PR Where it Matters Most
What’s more crucial to the success of a business, non-profit or association than its most important outside audiences and stakeholders?
Those stakeholder behaviors directly impact virtually every management and operating activity of the organization. From retail patronage, recruiting, civic activity, contributions, and strategic alliances to membership, program participation, plain old sales, and just about everything else.
Which means, if you are such a manager, you may have a real opportunity to do something positive about the behaviors of those important outside audiences of yours that most affect YOUR operation.
In other words, you can create the kind of external stakeholder behavior changes that lead directly to achieving your own managerial objectives.
You can do so by persuading those key outside folks to your way of thinking, then help move them to take actions that allow your department, division or subsidiary to succeed.
When you decide to move your managerial public relations to a whole new level, here’s some real help for you.
It’s called the fundamental premise of public relations and it goes like this: people act on their own perception of the facts before them, which leads to predictable behaviors about which something can be done. When we create, change or reinforce that opinion by reaching, persuading and moving-to-desired- action the very people whose behaviors affect the organization the most, the public relations mission is accomplished.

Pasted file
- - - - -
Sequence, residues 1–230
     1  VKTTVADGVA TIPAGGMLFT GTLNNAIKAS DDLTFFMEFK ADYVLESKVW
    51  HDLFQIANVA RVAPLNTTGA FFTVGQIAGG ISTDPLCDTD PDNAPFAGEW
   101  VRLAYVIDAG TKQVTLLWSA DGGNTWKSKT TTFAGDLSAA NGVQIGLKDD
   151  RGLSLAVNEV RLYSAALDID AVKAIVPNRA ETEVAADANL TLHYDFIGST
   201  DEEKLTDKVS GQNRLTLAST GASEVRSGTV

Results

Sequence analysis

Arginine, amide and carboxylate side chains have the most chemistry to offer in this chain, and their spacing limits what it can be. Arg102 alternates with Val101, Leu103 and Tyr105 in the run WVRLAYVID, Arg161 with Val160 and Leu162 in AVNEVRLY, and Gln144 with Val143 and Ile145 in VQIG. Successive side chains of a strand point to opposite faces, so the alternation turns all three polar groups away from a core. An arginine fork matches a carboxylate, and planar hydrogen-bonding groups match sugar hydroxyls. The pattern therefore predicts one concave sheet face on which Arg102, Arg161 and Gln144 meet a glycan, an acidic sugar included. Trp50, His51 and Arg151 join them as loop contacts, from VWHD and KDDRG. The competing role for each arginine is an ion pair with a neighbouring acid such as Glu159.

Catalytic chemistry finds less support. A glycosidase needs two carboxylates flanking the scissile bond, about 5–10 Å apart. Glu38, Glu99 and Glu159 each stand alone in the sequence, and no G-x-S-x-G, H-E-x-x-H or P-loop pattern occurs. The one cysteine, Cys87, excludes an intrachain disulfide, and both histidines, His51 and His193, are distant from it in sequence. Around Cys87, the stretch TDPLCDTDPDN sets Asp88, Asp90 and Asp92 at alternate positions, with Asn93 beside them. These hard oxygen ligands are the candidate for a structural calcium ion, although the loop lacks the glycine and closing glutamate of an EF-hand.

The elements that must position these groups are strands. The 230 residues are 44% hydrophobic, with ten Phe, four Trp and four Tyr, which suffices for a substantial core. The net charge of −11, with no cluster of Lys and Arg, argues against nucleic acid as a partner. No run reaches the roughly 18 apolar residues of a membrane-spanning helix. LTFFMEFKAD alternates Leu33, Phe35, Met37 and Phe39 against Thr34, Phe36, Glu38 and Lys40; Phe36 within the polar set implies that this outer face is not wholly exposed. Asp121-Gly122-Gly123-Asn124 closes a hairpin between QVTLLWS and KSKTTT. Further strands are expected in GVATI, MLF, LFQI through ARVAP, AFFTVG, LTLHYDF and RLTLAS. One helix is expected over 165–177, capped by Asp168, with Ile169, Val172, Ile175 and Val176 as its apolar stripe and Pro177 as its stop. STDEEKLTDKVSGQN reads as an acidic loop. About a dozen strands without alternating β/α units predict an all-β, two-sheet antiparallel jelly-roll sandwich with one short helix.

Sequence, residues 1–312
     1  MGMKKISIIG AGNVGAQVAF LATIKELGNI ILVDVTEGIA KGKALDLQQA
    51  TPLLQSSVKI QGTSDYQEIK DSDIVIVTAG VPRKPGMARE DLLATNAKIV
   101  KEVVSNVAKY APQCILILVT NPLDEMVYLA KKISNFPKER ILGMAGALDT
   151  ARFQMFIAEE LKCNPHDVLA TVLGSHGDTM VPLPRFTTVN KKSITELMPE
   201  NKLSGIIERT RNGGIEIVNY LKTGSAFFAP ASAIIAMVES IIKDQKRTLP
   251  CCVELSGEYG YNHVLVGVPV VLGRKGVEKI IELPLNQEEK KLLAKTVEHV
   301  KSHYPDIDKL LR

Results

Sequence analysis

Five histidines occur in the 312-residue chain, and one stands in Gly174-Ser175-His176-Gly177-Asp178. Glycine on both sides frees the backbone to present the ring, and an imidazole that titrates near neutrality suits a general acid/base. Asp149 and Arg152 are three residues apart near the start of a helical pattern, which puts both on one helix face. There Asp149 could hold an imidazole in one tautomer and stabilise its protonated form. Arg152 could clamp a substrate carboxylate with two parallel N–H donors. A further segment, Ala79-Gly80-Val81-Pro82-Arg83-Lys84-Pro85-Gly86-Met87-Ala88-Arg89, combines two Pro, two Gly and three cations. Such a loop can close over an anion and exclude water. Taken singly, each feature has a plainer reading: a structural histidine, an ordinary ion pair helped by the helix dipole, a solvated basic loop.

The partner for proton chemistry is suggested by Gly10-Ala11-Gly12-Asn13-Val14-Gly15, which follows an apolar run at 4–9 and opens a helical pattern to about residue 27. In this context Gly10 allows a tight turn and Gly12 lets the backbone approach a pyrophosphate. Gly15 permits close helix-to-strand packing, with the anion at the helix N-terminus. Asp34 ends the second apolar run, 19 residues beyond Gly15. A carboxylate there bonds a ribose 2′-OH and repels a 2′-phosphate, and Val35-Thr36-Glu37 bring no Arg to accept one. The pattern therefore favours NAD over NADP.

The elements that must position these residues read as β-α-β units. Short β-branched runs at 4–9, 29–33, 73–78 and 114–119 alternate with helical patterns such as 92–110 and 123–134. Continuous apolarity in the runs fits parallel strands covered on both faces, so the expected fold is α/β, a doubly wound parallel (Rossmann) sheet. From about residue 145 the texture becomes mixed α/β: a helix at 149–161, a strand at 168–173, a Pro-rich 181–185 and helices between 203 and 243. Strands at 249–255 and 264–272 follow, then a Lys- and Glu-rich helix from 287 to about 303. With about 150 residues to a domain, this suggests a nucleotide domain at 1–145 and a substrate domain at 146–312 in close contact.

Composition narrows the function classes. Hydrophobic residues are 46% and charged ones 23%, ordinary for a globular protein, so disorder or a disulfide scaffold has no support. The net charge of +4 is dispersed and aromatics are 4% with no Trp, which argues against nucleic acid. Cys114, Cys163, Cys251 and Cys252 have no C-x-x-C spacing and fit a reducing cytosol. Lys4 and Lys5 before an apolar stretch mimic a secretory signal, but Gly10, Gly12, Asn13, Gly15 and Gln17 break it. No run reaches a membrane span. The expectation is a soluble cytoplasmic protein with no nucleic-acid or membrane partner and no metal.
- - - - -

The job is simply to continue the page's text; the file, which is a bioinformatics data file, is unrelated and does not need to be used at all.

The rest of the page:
But it won’t be of much use unless the PR team members assigned to your unit understand that blueprint and commit themselves to its implementation, starting with key audience perception monitoring. Truth is, your PR people are already in the perception and behavior business, so they will be of real use for this initial opinion assessment project.
But pause here. You must reassure yourself that your public relations people truly understand just WHY it’s so important to know how your most important outside audiences perceive your operations, products or services. Be certain they accept the reality that perceptions almost always lead to behaviors that can help or hurt your unit.
Why not take some time to review with them your plan for monitoring and gathering perceptions by questioning members of your most important outside audiences. Questions like these: how much do you know about our organization? Have you had prior contact with us and were you pleased with the interchange? Are you familiar with our services or products and employees? Have you experienced problems with our people or procedures?
Yes, survey specialists can always be brought in to do the opinion monitoring work, and they also can run up your costs. But, no matter who asks the questions, the objective remains the same: identify untruths, false assumptions, unfounded rumors, inaccuracies, misconceptions and any other negative perception that might translate into hurtful behaviors.
Your objective, obviously, is to do something about the most serious distortions you discover during your key audience perception monitoring. Will it be to straighten out that dangerous misconception? Correct that gross inaccuracy? Or, stop that potentially bloody rumor dead in its tracks?